The cool thing about the Phone line trail is that we get a birds eye view of the canyon, the tram climbing the road looking like a miniature train from our vantage point, the many walkers along the road looking like ants scurrying along and the stunning saguaros marching up the canyon walls. Could we have a more beautiful view than this?

We started out - looks like this trail is pretty popular wide enough for a marching band.
1/2 miles into the hike we realized that we had forgotten to bring some protein bars. Oops, we turned around and headed back to the car. Bars in our packs, we started out again but about 3/4 miles into the hike Gary said: ‘ I wonder if I locked the car.’ Hmmm.

        We’d better go back.

        No, who’s going to pick our car to rob?

        We’d better go back.

        No, we have nothing of value in it.

        Besides, remember last time - only nice people here in Sabino. (Ha, ha. We’re not that naive.)

And we continued down the trail. Pretty flowers along the way.
The trail itself, once the route of a no-longer operating telephone line, is etched along the side of the canyon for about 6 miles. We knew that the road would be packed with walkers and the trams filled with tourists. We didn’t think that the Phone Line trail would have so many on it and, sure enough, as we climbed higher and higher, we found our selves alone more and more.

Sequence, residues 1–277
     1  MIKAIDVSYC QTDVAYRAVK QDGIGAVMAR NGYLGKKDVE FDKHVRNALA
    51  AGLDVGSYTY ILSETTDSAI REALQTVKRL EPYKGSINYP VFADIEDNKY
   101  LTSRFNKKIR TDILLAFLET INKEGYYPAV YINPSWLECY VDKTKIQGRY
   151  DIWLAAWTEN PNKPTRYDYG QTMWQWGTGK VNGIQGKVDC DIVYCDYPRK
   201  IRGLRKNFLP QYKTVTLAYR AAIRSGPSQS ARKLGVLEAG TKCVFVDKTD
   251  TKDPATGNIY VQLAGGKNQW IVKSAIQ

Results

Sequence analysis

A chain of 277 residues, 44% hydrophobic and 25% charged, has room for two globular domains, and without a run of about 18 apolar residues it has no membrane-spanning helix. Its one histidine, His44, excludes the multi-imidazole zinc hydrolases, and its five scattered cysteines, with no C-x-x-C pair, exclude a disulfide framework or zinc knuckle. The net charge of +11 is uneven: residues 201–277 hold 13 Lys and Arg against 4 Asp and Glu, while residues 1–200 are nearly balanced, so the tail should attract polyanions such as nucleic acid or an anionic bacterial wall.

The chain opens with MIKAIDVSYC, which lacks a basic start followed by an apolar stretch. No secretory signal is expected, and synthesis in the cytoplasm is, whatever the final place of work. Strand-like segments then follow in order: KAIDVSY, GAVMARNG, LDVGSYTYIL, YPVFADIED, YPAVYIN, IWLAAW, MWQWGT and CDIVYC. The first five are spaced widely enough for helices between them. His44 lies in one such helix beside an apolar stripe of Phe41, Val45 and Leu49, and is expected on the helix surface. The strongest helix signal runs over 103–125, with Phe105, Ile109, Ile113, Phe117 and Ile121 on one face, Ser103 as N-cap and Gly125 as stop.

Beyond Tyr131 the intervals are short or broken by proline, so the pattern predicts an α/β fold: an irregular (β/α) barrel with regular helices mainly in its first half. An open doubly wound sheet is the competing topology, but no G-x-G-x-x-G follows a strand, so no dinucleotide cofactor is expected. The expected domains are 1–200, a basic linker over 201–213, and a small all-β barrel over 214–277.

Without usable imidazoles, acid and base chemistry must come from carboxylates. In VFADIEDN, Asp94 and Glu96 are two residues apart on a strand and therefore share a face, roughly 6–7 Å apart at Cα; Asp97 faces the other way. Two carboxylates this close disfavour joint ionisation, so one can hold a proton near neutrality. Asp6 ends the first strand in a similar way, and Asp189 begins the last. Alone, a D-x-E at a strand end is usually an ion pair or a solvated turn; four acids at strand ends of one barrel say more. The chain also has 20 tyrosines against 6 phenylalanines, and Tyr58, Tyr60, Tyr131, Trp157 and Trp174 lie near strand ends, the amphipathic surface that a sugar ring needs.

The views were amazing.

Here’s the canyon with the tram road running right through it.
The trail has steep sections, level sections, rocky sections, smooth sections, wide sections, narrow sections, well, it has just about everything that makes it a good trail - variety. It starts out steep and, well continues that way for a while. When it levels off, it still climbs but not at such an angle - but it is never-endingly up.
Looks like they’re trying to keep the cliffs in place. As we walk under these - gee, I hope those bolts hold.